"Parents should be vigilant
and keep a watchful eye of what
their children are doing because
if they are caught, there are con-
sequences," said Kathy Lawhon,
96th CE housing official. "This
is another reason to keep their
yards up to standards as a pre-
ventative measure to ensure their
house isn't mistaken as vacant
and possibly vandalized."


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The Eglin Flyer is published by Bayou Enterprises Inc, a private firm in no way connected with the U S Air
Force This publication's content is not necessarily the official view of, or endorsed by the U S Government, the
Department of Defense, the Department of the Air Force or Eglin Air Force Base The official news source for
Eglin Air Force Base is www eglin af mil The appearance of advertising in this publication does not constitute
endorsement by the U S Government, the Department of Defense, the Department of the Air Force, Eglin Air
Force Base or Bayou Enterprises Inc for products or services advertised Everything advertised in this
publication shall be made available for purchase, use or patronage without regard to race, color religion, sex,
national origin, age, marital status, physical handicap, political affiliation or any other nonmert factor of the
purchaser user or patron Edtorial content is edited, prepared and provided by Bayou Enterprises Inc


Paqe 2


By SSgt. Mike Andriacco
380th Air Expeditionary Wing


Friday, January 30, 2009


Vandals at risk in asbestos housing


1181 E. John Sims Parkway, Niceville, Florida 32578
(850) 678-1080 Fax: (850) 729-3225 info@eglinflyer.com
Stephen W. Kent Sara Kent
Editor and Publisher Advertising Director


~ I I


I







Friday, January 30, 2009


Nomad University doors to open


Air Force Photo by Chrissy Cuttita
Staff Sgt. Joel Church, 33rd Operations Support Squadron air crew
flight equipment craftsman, sets up a computer for use at the
Nomad University cyber cafe that opened Jan. 28. The university is
a 33rd Fighter Wing personnel-led venture to provide services for
personnel who are relocating due to the wing's drawdown.


By Chrissy Cuttita
Team Ealin Public Affairs
Cutting the ribbon of Nomad
University Jan. 28 meant doors
of support opened for airmen
with personal issues related to
the 33rd Fighter Wing draw-
down.
The area set aside in the
same building as the
dining facility pro-
vides a central loca- In
tion for family sup-
port, Internet usage, bigg
faith-based spiritual
support and a place fami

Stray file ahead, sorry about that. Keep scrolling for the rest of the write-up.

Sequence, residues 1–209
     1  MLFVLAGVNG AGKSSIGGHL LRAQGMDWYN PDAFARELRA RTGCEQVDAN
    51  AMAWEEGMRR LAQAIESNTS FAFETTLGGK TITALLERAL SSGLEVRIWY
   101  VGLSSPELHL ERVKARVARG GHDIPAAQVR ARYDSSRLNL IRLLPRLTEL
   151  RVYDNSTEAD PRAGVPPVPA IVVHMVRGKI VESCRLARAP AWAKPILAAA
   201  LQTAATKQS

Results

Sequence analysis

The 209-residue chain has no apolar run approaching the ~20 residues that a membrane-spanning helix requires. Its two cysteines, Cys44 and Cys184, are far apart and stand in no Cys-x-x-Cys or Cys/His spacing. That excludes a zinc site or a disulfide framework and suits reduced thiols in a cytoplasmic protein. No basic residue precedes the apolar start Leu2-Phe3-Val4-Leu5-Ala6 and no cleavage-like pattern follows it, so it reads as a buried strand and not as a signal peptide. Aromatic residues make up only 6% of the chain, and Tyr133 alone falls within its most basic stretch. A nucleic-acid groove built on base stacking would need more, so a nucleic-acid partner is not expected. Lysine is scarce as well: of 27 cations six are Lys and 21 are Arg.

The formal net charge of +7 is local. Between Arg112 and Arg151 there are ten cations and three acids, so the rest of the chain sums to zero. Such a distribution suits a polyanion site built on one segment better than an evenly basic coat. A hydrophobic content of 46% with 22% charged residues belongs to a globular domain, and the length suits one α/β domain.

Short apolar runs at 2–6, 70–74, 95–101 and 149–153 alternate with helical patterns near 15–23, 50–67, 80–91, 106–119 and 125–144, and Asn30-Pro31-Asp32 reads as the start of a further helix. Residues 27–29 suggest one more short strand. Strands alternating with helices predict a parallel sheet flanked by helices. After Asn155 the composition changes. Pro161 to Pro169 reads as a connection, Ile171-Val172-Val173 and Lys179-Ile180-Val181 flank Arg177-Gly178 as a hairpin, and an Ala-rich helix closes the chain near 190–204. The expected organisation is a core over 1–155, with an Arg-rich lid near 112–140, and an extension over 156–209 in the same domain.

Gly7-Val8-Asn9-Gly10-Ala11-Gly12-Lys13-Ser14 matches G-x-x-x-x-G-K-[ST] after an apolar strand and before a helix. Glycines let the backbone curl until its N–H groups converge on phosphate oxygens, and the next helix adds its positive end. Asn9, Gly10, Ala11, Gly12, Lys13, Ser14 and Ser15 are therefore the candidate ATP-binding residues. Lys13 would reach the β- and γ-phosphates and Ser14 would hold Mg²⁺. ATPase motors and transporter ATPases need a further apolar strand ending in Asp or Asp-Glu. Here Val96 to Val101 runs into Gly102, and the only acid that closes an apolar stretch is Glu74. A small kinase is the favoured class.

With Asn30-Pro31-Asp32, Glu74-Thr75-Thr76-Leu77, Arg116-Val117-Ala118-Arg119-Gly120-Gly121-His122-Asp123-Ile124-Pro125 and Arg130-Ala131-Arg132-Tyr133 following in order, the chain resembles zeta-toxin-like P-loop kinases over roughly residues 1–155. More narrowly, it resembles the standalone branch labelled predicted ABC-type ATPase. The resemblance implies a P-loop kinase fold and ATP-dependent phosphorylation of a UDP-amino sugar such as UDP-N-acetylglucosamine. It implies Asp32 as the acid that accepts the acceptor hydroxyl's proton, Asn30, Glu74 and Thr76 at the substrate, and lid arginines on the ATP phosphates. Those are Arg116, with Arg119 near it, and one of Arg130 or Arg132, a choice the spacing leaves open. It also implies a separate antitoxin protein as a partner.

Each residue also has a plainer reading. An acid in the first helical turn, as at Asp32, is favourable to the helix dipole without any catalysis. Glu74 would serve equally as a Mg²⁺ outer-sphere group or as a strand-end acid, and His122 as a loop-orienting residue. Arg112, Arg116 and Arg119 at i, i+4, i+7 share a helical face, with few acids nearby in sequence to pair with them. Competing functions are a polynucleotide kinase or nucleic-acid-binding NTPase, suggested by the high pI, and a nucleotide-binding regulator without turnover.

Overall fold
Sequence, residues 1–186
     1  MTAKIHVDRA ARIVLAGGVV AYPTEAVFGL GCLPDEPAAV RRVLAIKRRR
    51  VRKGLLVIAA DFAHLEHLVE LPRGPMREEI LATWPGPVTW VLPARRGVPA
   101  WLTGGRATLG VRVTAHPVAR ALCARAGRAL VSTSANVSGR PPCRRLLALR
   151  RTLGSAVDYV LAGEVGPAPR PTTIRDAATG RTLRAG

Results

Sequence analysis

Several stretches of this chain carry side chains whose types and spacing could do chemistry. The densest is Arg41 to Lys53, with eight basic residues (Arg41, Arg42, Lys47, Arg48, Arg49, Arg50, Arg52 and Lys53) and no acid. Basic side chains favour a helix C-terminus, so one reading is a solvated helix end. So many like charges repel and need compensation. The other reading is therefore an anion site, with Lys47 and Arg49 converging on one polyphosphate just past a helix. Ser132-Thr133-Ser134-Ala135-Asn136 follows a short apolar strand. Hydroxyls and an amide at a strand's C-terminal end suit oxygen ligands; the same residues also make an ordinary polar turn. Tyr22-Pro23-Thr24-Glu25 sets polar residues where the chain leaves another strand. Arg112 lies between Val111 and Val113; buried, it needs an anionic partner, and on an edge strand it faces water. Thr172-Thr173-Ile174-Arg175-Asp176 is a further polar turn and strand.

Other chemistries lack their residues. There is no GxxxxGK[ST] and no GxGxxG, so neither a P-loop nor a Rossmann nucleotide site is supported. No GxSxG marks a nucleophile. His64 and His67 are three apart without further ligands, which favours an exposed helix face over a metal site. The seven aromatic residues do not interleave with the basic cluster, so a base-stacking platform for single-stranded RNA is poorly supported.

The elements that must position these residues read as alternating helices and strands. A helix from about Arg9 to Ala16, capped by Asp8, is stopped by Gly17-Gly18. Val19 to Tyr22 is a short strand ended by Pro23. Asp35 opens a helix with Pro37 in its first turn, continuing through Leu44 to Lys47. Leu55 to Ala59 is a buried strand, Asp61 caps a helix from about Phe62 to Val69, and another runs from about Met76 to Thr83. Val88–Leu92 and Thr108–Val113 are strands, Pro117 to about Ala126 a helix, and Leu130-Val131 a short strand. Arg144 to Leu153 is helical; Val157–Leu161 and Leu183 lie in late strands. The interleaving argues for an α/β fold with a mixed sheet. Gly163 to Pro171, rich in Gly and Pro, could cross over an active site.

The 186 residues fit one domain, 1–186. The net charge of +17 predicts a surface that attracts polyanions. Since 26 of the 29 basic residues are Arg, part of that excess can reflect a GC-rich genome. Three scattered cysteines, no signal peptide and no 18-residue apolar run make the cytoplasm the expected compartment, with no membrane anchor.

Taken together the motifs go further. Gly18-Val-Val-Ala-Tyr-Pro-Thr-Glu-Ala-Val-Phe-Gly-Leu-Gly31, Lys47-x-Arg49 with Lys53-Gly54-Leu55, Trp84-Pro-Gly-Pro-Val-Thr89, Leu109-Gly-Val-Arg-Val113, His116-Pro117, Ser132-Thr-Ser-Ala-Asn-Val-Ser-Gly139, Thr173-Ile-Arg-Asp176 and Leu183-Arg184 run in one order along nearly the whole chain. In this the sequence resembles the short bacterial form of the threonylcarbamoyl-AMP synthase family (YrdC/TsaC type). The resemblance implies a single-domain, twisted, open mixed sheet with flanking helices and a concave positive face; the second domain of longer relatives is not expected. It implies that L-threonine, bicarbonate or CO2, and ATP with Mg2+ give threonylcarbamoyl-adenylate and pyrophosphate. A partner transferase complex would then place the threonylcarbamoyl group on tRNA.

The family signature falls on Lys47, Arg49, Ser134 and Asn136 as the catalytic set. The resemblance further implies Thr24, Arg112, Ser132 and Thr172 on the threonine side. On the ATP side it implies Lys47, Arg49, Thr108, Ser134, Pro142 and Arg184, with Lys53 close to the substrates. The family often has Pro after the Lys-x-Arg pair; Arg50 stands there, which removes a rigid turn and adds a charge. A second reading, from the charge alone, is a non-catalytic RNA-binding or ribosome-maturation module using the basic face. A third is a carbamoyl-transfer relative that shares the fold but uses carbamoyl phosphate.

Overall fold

for children to occupy
themselves while
their parents make
decisions on their
future.
"The concept came from
wing leadership who wanted
something to help smooth tran-
sition," said Master Sgt. Steven
Zellers who is responsible for
maintaining the university.
In September the sergeant
helped prepare what was needed
to ask 9th Air Force for finan-
cial assistance which resulted in
$21,000 to cover initial setup.


"In all assignments, the
biggest concerns are usually
family-type issues," said Chief
Master Sgt. Douglas Kesler,
33rd FW command chief.
"There is always great stress on
getting children to new schools,
helping the spouse get employ-
ment, transferring all financial


I11 assignments, the

est concerns are usu

ily-type issues.

-Chief Master Sgt. Douglas K

requirements, selling homes,
changing registration on vehi-
cles, moving pets, changing
medical and dental care just to
name a few. The Air Force
assists members moving into
their new duty but even more
importantly they do a great job
of helping families during this
transition. "
Eglin's Airmen and Family
Readiness Center personnel are


ready to support appointments
at the university so wing mem-
bers will not have to travel to
the other side of the base, away
from their duty location, for
support. Working with wing
leadership they plan to address
any stress commonly experi-
enced when airmen and their
families are uprooted
in a military perma-
nent change of station.
"The unknowns are
tally the primary drivers of
this stress and the
relocation program is
designed to help
.esler reduce most of these
unknowns through an
A&FRC program
called Smooth Move," said Jim
Helms. "Smooth Move is
attended by both the military
member and spouse and is facil-
itated by the A&FRC, Law
Office, Finance, Travel, Traffic
Management Office, Housing
and TRICARE. These are nor-
mally the primary agencies mili-
tary PCSing need to get infor-
mation from and ask their vari-
ous questions to."


Future


topic of


seminar
By SSgt. Stacia Zachary
Team Ealin Public Affairs
Dr. George Friedman,
Strategic Forecasting founder
and CEO, will present a semi-
nar based on his latest book,
"The Next 100 Years-A
FORECAST for the 21st
Century" Feb. 10. The event,
hosted by The Air Force
Research Laboratory
Munitions Directorate
Revolutionary Tcl-' ii, h -.1,
Team and the Air Armament
Academy, will be from 9 to 10
a.m. at the Eglin Conference
Center, across from the bowl-
ing alley.
Friedman will discuss what
he foresees as the top issues in
the international arena and
how he uses trends as indica-
tors to advise on potential
future situations. The STRAT-
FOR analyst will introduce his
"'i-ch i.liiy i techniques" and
show how he applies them to
given situation to map out
future events. Key topics of
discussion are technological
advances to come from the
current Global War on Terror,